But by the time we got to the fall of 2009 though, I felt like I had a pretty decent understanding of it, and we began to lay out—with some allies, including the Utah League of Cities and Towns—some principles for reform.

Our first goal was to make sure that every penny would be paid to current employees and retirees. And we weren’t entirely sure we could do that if we had another year like 2008, which could cripple the pension plan and make it very difficult to operate state and local governments while still providing the committed benefits that our public workers were counting on. So our first goal was making sure that we meet every penny of the commitment we made to current employees and retirees.

Our second goal was in line with that, and it was to reduce and eliminate the pension-related bankruptcy risk over time. We saw just how much of a risk that actually was and that there was far more uncertainty than we realized.

So those were the two broad principles we laid out. The first thing we did in explaining the situation to legislators was to explain that this is going to get very expensive very quickly, and we need to take action to make sure that this doesn’t happen again. The seeds of the pension problem that we were facing were sewn decades ago when these programs were set up, and while we needed to make sure that we could come up with the money to pay for the existing liabilities and existing required contributions, maybe we should also look at a new system for new workers that didn’t put us in that spot down the road.

Those are the ideas that we started bringing forward, and those two principles—to meet every commitment we’ve made for current employees and retirees and to reduce and eliminate the pension-related bankruptcy risk—naturally led to a discussion on how we should provide for retirement. Where we came down was that we had to have predictable costs—that’s the policy objective that’s worthwhile.

So we went forward with those principles to find a way to close the old system down in terms of new enrollment and create a new system with predictable employer costs that provided adequate retirement security for future public employees. And then we went legislator by legislator to explain the situation and some ideas for how to proceed. Before we actually proposed any policy recommendations, I went and met with every member of the House and Senate in various caucus meetings over the summer and fall to explain the situation and why we needed to make some changes, laying the foundation by really helping them understand what the problem was.

So by the time it came to December 2009, that’s when I moved forward with my proposal to close down the defined-benefit pension system to new employees and begin a new retirement system for the state with a statutorily-prescribed contribution into the system, allowing new employees the option to choose to invest their retirement compensation in either a 401(k) plan that was professionally managed—but which also does not allow borrowing against the plan—or in a hybrid defined benefit/defined contribution plan where they could pool their retirement resources together with other employees, with the understanding that the state’s commitment toward that hybrid retirement plan was set and defined. And if the actuarially required contributions for that plan exceeded the amount that the state had budgeted per individual, then the individual employees would have to automatically pay the difference.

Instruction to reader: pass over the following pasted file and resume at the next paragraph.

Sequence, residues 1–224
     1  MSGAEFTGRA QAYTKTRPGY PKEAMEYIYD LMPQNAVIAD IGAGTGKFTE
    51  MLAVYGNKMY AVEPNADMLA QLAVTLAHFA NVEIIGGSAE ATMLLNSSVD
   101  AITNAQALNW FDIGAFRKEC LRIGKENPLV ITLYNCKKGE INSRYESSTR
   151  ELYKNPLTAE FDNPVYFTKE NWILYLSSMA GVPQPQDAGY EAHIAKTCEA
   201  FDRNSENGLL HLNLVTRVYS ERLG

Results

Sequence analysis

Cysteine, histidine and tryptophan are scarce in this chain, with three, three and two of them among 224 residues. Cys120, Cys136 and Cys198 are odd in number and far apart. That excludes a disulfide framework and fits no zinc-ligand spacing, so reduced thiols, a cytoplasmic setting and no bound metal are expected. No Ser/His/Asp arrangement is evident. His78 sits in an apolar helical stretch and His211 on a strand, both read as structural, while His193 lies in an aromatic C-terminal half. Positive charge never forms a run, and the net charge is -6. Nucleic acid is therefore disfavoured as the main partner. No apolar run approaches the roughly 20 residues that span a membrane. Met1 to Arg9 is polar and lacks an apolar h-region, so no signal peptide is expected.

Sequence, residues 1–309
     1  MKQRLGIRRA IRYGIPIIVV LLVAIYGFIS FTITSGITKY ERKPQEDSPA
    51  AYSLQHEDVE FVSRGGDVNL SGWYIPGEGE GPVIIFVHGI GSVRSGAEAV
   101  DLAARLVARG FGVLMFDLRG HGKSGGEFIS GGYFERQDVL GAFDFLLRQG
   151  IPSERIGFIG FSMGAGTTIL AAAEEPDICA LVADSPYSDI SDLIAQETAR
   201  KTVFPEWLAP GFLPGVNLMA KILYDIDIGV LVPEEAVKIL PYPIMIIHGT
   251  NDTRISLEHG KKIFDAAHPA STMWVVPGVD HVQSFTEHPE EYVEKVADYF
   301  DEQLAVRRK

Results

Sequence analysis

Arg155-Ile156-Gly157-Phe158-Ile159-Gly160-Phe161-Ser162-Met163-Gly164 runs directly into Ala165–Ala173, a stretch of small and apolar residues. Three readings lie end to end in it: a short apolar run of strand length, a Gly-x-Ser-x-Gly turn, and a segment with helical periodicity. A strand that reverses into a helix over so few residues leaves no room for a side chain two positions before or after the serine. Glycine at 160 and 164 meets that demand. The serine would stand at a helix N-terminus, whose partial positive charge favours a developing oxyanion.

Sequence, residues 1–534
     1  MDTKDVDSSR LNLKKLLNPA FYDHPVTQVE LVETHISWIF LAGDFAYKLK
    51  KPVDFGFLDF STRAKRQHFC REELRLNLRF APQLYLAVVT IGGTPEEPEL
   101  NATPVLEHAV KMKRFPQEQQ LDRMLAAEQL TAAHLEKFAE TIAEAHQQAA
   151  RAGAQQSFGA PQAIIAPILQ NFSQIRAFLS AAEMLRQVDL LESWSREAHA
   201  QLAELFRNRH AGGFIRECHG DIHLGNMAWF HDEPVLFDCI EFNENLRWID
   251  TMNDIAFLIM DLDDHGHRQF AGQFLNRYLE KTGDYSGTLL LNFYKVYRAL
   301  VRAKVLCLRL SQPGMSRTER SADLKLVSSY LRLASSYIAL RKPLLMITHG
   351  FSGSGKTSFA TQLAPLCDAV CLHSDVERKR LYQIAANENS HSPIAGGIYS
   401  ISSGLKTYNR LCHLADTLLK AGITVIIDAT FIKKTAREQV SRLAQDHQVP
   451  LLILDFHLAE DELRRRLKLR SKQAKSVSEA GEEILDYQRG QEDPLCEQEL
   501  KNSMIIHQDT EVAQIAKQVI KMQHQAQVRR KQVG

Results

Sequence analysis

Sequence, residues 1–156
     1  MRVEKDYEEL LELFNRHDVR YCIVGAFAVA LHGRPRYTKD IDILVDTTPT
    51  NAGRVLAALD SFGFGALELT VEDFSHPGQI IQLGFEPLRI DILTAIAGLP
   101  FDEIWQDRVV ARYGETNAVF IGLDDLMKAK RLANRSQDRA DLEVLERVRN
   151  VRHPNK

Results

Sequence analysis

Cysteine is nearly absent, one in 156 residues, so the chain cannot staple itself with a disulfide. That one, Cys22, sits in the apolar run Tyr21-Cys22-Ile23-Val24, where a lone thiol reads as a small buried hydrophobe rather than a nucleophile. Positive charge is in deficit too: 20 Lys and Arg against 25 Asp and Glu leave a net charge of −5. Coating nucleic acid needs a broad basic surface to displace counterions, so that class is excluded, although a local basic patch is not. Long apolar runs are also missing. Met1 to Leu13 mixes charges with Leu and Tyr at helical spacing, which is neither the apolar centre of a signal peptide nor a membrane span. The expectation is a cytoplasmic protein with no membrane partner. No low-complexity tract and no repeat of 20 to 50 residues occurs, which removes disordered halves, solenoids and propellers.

We moved forward with those principles as we engaged the political process.

Check out the full interview here. Other articles featured in the Innovators in Action 2013 series are available here.

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Atlanta Needs a Comprehensive Highway and Road Network

In an Op-Ed appearing in today’s Atlanta Journal-Constitution I suggest that Atlanta build a comprehensive highway and transit network. The recommendations are part of a recently released Reason study titled Practical Strategies for Increasing Mobility in Atlanta

Like other metro areas, greater Atlanta has an $84 billion transportation plan that neither reduces traffic congestion or is fiscally realistic. Metro Atlanta has one of the most deficient surface street networks of any major metro area in the country. As a result when the freeways become congested due to an accident, there is no alternative route causing major congestion and long delays. The Reason Atlanta plan would build 11 primary arterials as an alternative. 

The Op-Ed also discusses how adding a Managed Lanes to all Atlanta freeways would help both drivers and transit users. Most importantly these new improvements can be paid for using existing funds. No additional tax dollars are required. 

The complete Op-Ed is available here. The full study is available here

Atlanta’s mobility and congestion problems are well known. It has the seventh-worst congestion in the country. The area’s residents waste 51 hours a year sitting in traffic, and those delays cost the region $3.1 billion a year. 

Metro Atlanta agencies plan to spend $84 billion over the next 30 years on transportation. Unfortunately, the transportation plans treat far too many projects as stand-alone ventures intended to address single-problem spots. 

Atlanta needs a connected transportation network to fix today’s congestion and handle the demands of looming population growth. Right now, Atlanta, with 7,500 lane miles, has one of the most underdeveloped surface street networks of any major U.S. area. With a similar population, Dallas has 10,000 lane miles. Detroit has a smaller population, but more lane miles — 8,600. 

Surface streets, or arterials, are key to traveling within cities and also provide alternatives to congested freeways. Today, an accident on I-285 creates major congestion in part because there is no alternate route.